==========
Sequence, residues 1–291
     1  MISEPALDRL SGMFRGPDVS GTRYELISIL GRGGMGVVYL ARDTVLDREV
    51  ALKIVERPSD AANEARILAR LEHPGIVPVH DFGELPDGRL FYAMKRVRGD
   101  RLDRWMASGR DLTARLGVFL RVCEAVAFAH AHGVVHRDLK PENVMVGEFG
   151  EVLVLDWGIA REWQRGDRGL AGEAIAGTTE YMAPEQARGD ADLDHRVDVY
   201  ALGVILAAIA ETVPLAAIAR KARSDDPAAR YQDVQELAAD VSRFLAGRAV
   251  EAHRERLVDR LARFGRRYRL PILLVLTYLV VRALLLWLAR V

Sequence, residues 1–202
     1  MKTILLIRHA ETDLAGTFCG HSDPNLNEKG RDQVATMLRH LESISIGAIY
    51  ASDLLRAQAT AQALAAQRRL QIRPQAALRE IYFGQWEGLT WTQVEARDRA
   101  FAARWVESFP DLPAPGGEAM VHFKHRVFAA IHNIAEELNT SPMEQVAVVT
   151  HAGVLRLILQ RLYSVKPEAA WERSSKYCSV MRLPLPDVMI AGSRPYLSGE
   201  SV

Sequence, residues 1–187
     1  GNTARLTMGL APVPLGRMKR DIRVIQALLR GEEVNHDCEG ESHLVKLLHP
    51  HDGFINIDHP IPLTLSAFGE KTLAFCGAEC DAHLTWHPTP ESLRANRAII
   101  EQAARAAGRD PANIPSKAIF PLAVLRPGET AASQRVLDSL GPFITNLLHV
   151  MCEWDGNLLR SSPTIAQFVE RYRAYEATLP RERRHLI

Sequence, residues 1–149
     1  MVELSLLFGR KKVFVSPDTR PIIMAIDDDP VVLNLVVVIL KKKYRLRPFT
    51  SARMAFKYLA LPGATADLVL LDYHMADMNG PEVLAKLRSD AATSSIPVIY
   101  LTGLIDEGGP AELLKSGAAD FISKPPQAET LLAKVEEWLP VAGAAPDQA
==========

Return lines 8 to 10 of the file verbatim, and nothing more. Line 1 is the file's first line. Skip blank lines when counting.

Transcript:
Sequence, residues 1–202
     1  MKTILLIRHA ETDLAGTFCG HSDPNLNEKG RDQVATMLRH LESISIGAIY
    51  ASDLLRAQAT AQALAAQRRL QIRPQAALRE IYFGQWEGLT WTQVEARDRA